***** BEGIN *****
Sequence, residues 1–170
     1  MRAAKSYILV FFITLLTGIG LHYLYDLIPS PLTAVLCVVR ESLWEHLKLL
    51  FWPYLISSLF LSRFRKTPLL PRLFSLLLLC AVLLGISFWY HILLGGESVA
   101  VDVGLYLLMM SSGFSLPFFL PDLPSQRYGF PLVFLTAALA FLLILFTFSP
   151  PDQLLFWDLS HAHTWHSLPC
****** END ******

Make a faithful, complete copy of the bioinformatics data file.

Sequence, residues 1–170
     1  MRAAKSYILV FFITLLTGIG LHYLYDLIPS PLTAVLCVVR ESLWEHLKLL
    51  FWPYLISSLF LSRFRKTPLL PRLFSLLLLC AVLLGISFWY HILLGGESVA
   101  VDVGLYLLMM SSGFSLPFFL PDLPSQRYGF PLVFLTAALA FLLILFTFSP
   151  PDQLLFWDLS HAHTWHSLPC